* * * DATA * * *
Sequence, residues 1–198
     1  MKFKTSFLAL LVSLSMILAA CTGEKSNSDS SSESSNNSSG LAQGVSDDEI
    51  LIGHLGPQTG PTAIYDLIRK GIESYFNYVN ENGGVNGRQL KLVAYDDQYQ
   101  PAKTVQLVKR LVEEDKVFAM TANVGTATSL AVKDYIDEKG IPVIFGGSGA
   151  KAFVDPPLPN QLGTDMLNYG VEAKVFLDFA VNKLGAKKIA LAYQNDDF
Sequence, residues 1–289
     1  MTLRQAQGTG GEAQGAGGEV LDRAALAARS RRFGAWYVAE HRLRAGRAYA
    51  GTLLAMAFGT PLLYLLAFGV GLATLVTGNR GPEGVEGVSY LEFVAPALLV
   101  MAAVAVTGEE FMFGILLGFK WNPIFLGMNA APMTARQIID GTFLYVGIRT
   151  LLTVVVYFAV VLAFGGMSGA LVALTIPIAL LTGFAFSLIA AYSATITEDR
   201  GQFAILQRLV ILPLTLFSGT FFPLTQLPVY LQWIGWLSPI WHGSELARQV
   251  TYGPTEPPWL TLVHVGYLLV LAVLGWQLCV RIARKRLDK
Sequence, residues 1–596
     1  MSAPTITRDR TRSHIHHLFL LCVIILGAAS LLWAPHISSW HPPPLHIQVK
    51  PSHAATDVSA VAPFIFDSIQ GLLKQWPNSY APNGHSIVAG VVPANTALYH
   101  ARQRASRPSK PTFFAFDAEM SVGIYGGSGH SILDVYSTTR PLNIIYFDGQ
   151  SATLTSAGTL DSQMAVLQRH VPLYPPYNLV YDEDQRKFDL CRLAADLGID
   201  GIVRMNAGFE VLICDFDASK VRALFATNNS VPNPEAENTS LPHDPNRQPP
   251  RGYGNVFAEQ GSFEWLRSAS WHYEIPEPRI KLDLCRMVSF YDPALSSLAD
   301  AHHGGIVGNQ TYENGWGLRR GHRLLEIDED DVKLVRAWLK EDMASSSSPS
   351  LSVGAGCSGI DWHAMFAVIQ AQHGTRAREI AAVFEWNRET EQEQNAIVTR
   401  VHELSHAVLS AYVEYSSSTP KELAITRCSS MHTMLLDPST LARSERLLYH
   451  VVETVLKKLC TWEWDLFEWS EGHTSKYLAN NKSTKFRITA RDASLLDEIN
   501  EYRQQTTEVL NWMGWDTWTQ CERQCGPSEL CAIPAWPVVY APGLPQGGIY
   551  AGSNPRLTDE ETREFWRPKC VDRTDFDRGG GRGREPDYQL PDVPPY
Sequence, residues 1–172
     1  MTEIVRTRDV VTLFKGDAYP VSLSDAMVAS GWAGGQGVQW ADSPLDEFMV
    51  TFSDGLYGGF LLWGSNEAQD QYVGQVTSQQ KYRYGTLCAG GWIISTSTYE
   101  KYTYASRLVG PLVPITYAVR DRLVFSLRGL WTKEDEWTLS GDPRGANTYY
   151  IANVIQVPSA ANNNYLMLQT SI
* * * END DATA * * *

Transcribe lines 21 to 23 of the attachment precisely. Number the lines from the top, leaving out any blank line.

   351  LSVGAGCSGI DWHAMFAVIQ AQHGTRAREI AAVFEWNRET EQEQNAIVTR
   401  VHELSHAVLS AYVEYSSSTP KELAITRCSS MHTMLLDPST LARSERLLYH
   451  VVETVLKKLC TWEWDLFEWS EGHTSKYLAN NKSTKFRITA RDASLLDEIN